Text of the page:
I say, if you want to drink cow's milk, that's fine... get your calcium that way. I happen to think that a lot of people -- more than what you think -- have an intolerance to cow's milk dairy that may be causing chronic conditions such as constipation, post-nasal drip, recurrent sinusitis, frequent throat or lung infections, etc. But that's for a different post. . .
Here are some other options for getting dairy in the diet without drinking milk (after all, 90% of Asians are lactose intolerant and dairy is not a part of their cultural eating yet they do not have high rates of osteoporosis):
Here's a recipe for quinoa (keen-wah) that even my husband ate, and James has a strange textural issue with rice and tiny grains. So what is quinoa? For those of you who are new to this food, it's actually a seed, not a grain, but it's cooked and eaten like a grain so most people consider it to be so. Quinoa is high on nutrition: 1 cup will get you 5 grams of fiber, 8 grams of protein (quinoa is a complete protein containing all essential amino acids), and a good dose of manganese, magnesium, phosphorous, zinc, folate, B6, riboflavin and thamin. Once cooked, quinoa has a texture similar to couscous with a slightly nutty flavor. Be sure to always rinse quinoa before cooking because the seeds are coated with a substance called saponin which tastes bitter, so it's best to wash that off before indulging.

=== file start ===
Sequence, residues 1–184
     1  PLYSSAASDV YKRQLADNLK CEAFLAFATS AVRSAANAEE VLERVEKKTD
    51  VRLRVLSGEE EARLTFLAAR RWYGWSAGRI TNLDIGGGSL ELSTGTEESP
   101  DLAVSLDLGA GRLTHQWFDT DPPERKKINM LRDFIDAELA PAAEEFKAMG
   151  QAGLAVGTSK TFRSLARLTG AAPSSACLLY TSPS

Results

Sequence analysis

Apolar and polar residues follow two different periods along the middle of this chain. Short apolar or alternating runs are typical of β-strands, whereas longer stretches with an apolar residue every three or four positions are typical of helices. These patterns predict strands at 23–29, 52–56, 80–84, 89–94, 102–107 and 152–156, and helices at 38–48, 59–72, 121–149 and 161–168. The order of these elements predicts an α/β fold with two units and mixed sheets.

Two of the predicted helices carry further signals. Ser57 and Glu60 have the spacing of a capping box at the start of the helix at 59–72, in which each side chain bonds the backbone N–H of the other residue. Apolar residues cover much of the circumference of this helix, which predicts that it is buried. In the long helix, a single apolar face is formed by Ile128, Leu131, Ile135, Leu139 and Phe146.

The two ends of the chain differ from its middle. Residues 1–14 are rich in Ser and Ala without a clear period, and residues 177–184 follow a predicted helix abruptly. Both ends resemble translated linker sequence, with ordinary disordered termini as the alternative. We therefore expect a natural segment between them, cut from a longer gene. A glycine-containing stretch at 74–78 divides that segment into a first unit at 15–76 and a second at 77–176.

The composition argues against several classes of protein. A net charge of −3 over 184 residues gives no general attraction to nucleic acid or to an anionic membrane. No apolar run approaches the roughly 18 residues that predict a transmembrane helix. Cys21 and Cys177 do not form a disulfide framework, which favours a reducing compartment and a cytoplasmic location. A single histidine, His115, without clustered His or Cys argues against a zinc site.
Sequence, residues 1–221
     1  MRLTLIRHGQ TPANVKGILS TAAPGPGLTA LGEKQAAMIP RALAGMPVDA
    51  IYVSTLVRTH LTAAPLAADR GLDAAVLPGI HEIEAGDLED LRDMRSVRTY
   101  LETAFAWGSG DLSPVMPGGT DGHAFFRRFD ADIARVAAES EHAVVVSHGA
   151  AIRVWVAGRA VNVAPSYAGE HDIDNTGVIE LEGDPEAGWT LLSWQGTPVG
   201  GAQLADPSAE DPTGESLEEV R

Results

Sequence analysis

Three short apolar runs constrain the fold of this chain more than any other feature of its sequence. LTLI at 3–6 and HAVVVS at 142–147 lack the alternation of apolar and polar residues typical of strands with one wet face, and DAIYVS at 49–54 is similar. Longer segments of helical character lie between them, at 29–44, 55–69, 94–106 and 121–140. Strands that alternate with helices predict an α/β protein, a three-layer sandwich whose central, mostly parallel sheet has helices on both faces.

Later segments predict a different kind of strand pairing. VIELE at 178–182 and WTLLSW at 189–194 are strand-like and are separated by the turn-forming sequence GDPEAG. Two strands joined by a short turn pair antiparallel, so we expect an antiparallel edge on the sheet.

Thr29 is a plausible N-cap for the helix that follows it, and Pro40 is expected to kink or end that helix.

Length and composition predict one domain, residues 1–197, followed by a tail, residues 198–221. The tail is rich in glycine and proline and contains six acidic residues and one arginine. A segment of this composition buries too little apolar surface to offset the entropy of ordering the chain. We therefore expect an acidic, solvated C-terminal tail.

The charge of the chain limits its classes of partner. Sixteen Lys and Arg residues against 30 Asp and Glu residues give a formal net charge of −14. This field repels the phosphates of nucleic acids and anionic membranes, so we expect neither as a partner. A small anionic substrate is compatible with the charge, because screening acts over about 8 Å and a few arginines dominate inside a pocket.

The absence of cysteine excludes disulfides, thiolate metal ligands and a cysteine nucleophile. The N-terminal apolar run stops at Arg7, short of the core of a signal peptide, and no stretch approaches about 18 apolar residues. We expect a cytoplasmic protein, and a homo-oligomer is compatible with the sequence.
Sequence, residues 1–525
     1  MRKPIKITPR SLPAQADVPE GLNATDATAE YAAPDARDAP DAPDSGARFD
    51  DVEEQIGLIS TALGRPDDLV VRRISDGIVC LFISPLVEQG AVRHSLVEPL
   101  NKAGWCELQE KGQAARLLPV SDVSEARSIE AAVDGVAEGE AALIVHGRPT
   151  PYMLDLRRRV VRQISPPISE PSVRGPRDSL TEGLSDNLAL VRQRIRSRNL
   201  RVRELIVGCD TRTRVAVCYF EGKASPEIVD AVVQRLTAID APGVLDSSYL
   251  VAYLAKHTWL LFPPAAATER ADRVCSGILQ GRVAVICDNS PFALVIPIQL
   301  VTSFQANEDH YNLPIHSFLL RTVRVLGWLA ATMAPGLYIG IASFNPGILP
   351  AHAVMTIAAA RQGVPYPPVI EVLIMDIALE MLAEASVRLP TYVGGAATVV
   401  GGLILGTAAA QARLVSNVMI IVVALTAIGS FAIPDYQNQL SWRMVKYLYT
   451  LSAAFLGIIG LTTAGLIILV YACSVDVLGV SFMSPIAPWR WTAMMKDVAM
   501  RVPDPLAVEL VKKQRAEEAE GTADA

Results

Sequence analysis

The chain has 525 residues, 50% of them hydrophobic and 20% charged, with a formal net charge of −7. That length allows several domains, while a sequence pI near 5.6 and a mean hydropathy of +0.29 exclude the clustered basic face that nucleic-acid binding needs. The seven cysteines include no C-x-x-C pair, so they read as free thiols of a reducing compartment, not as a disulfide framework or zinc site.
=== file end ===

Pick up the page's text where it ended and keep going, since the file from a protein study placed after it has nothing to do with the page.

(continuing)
I made this dish using fresh carrots, but if you're in a hurry or a bind, a frozen carrot and peas blend will do just fine here.
Quinoa "Fried Rice"
1 cup quinoa
1 1/2 cups water
2 TBSP oil
3-4 carrots, peeled and chopped small
1/4 cup sliced green onion (or yellow onion)
2 small heads baby bok choy, washed and chopped small, leaves and stems
2 eggs, beaten
1 cup frozen peas
3 TBSP soy sauce (gluten-free)
Place uncooked quinoa in a fine mesh strainer and rinse thoroughly for about 1 minute or until water runs clear. Lay quinoa on a baking sheet lined with a smooth towel (not terry cloth or seeds will get stuck) to dry for about 15 minutes. Carefully transfer quinoa to a large saucepan and heat to medium. Toast quinoa for about 5 minutes until lightly browned. Add water, cover and bring to a bowl. Reduce heat to low and cook for 20 to 25 minutes until water has evaporated and quinoa is fluffy and tender. Remove from heat and set aside.
In a 12-inch non stick skillet, heat oil over medium-high heat. Add carrots and onion and saute until carrots start to become tender. Add bok choy and continue to cook, stirring frequently until bok choy leaves have wilted and stems are tender, about 3 minutes. Stir in beaten eggs and cook, stirring constantly, until eggs are cooked. Add peas and soy sauce, stirring constantly, for about 1 minute until peas are warmed. Pour cooked quinoa into skillet and stir to combine. Remove from heat and serve.